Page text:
Thanks to everybody who guessed at the theme in my summer reading list. Ross and Taya got it right. It’s Switzerland. In particular, it’s authors who lived in Switzerland.
Why the focus? In less than a week, I’ll be staying there, in Zurich, for a couple weeks with my best friend and her family. I recently came across a travel section of a book store that paired travel books with novels set in that particular area of the world. I thought it was a great idea. But, I took it to another level and pulled from theologians and influential thinkers who lived there as well.
Part of my thinking here is to capture the Zeitgeist of culture, not just a sense of the landmarks and the history there. Certain thinkers and ideas contribute to the atmosphere and people of a place, just as much as the landscape does. So, my goal is to try to pick up a little of that in the books I’m reading. Absorb Switzerland at the book level too.
So, here’s the connections, for those of you who’d like to see how these authors have a bit of Switzerland in them.
The God who is There by Francis Schaeffer
Schaeffer was a gifted American pastor and theologian who moved to Switzerland and founded L’Abri, a retreat for Christian reflection and study.
Calvin for Armchair Theologians by Christopher Elwood
Originally a Frenchman, John Calvin fled to Geneva after converting to Protestantism. The famous protestant reformer was kicked out of the city for awhile, but eventually returned to live out his final days there, where he is now buried. I wasn’t up to carrying around the full 2 volumes of Calvin’s Institutes with me, and this book seemed like it would be a decent summary of the basics of his thought, mixed with some biographical information.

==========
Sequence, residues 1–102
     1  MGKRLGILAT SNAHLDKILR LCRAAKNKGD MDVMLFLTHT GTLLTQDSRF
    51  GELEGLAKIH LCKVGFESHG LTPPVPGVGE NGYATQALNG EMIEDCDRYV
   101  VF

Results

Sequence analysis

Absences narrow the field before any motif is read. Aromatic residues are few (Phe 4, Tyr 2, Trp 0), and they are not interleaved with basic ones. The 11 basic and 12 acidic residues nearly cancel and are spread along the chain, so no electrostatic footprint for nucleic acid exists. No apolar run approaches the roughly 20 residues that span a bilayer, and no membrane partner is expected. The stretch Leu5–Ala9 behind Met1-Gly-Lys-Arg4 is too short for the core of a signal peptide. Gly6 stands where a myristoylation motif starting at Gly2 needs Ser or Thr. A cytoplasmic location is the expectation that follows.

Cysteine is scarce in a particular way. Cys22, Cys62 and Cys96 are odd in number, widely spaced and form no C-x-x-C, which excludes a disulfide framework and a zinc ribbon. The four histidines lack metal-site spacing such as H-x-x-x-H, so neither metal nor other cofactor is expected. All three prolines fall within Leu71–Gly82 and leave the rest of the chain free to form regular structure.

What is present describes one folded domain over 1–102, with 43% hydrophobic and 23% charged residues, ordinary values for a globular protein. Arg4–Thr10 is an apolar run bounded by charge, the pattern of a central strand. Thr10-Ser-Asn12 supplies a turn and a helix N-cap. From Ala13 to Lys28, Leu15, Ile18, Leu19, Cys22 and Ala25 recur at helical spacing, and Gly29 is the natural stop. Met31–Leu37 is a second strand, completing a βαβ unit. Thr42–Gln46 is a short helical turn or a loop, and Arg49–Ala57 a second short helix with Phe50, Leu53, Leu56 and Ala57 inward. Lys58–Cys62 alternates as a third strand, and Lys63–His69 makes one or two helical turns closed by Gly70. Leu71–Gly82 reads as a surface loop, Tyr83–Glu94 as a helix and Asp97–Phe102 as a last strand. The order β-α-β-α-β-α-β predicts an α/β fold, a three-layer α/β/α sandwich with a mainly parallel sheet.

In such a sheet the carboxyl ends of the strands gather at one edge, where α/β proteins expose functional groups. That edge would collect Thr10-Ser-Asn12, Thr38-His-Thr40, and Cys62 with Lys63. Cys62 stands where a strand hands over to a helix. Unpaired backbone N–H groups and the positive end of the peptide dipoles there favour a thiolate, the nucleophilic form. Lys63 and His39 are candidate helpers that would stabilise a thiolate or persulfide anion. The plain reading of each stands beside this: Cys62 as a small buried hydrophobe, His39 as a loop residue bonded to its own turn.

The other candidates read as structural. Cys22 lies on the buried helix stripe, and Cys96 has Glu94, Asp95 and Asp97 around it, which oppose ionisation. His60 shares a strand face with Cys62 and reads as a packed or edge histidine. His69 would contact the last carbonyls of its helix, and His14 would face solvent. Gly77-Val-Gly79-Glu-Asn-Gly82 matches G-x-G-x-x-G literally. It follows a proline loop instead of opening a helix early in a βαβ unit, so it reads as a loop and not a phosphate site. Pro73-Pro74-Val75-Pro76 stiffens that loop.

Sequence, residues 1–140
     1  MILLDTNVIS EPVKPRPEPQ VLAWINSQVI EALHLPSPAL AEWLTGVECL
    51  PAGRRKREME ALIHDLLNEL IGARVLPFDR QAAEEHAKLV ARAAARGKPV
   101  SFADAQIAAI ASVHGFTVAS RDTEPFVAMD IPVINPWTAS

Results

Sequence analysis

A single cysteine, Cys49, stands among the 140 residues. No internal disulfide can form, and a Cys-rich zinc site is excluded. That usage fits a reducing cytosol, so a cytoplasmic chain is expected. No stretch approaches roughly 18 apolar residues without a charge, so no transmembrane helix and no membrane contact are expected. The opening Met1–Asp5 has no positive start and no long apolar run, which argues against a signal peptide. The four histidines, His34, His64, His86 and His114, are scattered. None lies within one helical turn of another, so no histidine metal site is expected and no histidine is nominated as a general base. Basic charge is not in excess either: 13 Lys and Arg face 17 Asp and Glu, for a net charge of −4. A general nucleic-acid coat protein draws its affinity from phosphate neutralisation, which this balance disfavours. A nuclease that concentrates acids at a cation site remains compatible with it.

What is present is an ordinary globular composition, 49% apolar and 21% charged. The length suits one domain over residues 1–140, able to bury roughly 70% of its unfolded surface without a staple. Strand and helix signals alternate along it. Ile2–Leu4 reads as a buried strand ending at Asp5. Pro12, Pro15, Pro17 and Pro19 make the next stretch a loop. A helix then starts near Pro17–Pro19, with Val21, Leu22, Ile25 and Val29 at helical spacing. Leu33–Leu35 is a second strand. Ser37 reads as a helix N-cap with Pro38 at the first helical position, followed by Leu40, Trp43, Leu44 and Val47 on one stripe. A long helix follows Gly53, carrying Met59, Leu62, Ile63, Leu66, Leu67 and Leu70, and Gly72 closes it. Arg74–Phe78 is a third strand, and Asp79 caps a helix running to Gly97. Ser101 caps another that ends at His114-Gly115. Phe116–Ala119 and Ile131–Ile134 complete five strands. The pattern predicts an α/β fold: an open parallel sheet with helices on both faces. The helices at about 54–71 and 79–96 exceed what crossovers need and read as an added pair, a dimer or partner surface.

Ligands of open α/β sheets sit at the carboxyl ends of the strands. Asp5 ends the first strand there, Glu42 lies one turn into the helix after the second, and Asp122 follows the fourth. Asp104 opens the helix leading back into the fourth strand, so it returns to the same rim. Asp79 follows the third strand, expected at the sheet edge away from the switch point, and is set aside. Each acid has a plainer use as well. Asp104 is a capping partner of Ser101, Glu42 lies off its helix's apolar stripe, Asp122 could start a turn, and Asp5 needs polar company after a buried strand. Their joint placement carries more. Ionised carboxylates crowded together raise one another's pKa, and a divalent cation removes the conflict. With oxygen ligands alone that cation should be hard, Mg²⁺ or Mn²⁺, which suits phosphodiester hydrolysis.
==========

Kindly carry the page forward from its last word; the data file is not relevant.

The Portrait of the Artist as a Young Man by James Joyce
Joyce lived in Zurich during two key times in his life, while he was writing his masterpieces Ulysses and Finnegan’s Wake, and for his last years. He’s buried somewhere in Zurich, and maybe I’ll get a chance to track down his grave while I’m there. He moved to Zurich shortly after finishing this particular book, but it’s arguably his most personal and easiest to read. I still might drag along Ulysses, but it’s not exactly a “beach read.”
Dr. Fischer of Geneva or the Bomb Party by Graham Greene
I love Graham Greene. If you haven’t read The End of the Affair, make sure you put that on your “to read list.” He’s a catholic writer who weaves his faith into his writing in such an insightful, modern way. Greene moved to Lake Geneva at the end of his life, and this is one of his last novels. The story is set in Geneva, which is a double bonus. I’ve never read it, so I’m just chomping at the bit to start. It might be the first book on the airplane. Oh, and this is the book I thought might be the giveaway because “Geneva” is in the title so clearly.
Heidi by Johanna Spyri
This is arguably the best known book from the canons of Swiss literature. A children’s classic, I think it’s rich with meaning for us adults as well. Spyri is native Swiss, and the story is set in the Alps. I’ll be reading the English translation, of course. My German speaking skills are laughable. Probably more laughable than my Spanish ones. I’m sure I’ll have stories to share in the coming weeks. Stay tuned for pictures and writing from my travels.